Many women face a similar quandary, wondering if they should freezing their eggs before it’s too late. Here’s what you need to know about egg freezing to make an informed decision.
A few weeks ago, I was all set to write about the vitamin D needs of pregnant and nursing women. Increased sunscreen use and less time spent outdoors means that few women can meet their vitamin D needs through sunlight exposure alone. As a result, many pregnant women are insufficient in the vitamin.
The medical community is clearly concerned about women’s low levels of vitamin D: The American Pregnancy Association recently raised their recommended vitamin D intake for pregnant and nursing women from 400 IU to 4000 IU, a tenfold increase. The change was precipitated by a recent randomized control trial, in which supplementation with 4,000 IUs a day was shown to be safe and highly effective at reducing vitamin D deficiency among pregnant women.
I only wish these changes had come sooner.
I say this because last weekend, my daughter Sydney, who turned two this month, was diagnosed with Type 1 Diabetes–a disease that may be staved off, in part, by high levels of vitamin D during infancy.
By now, you’ve probably heard about the recent study, which showed that early consumption of peanuts lowers the risk of peanut allergy by as much as 86%.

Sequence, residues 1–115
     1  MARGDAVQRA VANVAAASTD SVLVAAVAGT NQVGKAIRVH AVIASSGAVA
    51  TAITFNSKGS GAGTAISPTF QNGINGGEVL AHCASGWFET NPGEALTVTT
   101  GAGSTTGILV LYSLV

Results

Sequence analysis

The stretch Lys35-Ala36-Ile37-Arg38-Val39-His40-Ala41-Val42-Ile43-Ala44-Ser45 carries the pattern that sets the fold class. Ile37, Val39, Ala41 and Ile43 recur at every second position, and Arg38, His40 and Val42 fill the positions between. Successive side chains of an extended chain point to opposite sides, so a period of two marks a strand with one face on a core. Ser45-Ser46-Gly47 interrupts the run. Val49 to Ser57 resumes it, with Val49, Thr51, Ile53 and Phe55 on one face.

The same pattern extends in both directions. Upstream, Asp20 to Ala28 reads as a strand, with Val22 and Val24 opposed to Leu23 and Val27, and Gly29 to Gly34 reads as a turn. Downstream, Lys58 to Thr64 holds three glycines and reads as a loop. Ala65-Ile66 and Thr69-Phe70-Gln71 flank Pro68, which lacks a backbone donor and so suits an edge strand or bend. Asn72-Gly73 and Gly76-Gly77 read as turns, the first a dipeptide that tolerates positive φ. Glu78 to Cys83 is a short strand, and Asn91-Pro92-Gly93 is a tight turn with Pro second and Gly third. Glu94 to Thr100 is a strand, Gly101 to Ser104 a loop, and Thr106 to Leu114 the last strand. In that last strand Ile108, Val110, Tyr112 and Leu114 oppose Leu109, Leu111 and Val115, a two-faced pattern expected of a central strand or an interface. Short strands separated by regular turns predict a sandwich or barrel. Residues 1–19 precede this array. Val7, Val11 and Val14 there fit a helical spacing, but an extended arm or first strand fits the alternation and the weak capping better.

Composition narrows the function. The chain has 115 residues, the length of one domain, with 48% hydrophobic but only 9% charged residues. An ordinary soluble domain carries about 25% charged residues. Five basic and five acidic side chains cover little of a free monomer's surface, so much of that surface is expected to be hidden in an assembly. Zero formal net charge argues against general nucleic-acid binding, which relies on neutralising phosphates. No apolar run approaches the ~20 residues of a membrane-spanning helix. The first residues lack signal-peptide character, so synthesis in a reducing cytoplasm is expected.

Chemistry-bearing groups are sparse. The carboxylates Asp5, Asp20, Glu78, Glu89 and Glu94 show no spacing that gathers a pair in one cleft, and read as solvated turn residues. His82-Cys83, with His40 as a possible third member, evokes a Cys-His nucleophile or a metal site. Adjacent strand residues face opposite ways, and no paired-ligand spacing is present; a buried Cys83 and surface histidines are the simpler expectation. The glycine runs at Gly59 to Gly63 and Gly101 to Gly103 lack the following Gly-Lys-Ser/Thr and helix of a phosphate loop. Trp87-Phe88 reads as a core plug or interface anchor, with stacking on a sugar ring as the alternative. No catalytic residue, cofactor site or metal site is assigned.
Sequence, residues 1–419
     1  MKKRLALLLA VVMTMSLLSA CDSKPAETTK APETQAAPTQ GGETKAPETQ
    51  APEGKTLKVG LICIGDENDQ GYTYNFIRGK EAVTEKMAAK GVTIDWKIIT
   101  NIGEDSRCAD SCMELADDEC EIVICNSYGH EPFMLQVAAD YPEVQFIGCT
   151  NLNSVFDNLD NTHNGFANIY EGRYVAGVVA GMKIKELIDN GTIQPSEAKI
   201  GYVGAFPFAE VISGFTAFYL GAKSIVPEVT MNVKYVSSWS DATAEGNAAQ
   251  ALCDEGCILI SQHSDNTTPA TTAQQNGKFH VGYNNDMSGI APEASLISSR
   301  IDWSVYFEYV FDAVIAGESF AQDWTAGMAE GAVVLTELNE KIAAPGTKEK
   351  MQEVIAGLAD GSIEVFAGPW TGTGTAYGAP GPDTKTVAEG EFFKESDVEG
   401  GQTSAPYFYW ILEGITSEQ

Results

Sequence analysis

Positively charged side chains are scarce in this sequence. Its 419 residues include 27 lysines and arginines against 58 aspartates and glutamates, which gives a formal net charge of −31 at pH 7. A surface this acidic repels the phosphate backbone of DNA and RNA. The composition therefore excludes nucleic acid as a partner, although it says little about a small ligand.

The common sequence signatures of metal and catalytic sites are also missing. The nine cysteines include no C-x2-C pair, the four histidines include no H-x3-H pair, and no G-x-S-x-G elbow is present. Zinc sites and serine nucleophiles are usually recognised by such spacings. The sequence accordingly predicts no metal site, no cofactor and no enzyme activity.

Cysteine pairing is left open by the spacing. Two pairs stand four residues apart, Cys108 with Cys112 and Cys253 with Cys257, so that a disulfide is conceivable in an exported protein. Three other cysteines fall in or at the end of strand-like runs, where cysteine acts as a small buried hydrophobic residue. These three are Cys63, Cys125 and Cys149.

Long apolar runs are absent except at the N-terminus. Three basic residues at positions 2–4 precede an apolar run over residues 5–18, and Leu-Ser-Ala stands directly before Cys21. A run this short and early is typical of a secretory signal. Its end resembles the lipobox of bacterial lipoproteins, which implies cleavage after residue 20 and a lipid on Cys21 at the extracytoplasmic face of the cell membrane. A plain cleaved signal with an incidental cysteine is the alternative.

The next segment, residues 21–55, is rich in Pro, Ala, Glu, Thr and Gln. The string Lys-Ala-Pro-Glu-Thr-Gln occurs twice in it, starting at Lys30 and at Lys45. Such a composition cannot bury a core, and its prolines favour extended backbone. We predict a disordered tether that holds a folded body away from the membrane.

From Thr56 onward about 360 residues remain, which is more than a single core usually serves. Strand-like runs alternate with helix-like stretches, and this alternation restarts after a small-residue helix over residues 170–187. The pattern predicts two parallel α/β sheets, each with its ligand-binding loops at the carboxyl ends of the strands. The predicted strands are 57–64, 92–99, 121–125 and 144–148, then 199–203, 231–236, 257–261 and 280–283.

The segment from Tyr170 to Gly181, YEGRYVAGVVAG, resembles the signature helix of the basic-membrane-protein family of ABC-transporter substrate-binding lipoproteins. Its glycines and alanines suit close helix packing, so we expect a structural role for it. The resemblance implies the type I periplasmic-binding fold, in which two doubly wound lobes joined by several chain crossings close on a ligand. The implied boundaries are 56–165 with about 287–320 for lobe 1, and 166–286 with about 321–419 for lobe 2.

The study, led by Gideon Lack of King’s College, London, and published in the New England Journal of Medicine in February, is the first randomized clinical trial conducted on preventing peanut allergy in children. Widely hailed as a game changer, the study’s findings are already affecting the advice given to parents.
Just last week my friend’s pediatrician counseled her to “stir a little peanut butter” into her 6-month-old’s rice cereal. She barely managed to avoid gaping at him in astonishment. Just two years earlier, with her first child, he had told her to avoid introducing peanuts for the first year.
After decades of conflicting advice and vague admonitions, parents may wonder whether such a dramatic change is actually warranted. Is the evidence any better now than it was ten years ago? And if the guidelines were so mistaken before, why have confidence in them now?
And, perhaps the biggest outstanding question of all: what, if anything, does this study mean for when to introduce other highly allergenic foods, like fish, tree nuts, or eggs?
Several years ago, before I was married or had even begun dating my husband-to-be, I was chatting with a reproductive endocrinologist about when I needed to worry about my fertility going into decline. I was about to turn 30. Should I be worried? And how many quality reproductive years did I have left?
She told me most women were fine at 30 or 35. At her clinic, she said, she rarely saw women with problems related to “advanced ovarian age” before they turned 37 or 38.
Despite all the chatter, I was not actually clear on why 35 was an important cutoff. Was it because getting pregnant was more difficult after 35? Or staying pregnant became challenging after 35? Or was that the age when the risk of chromosomal abnormalities like Down’s syndrome rose dramatically?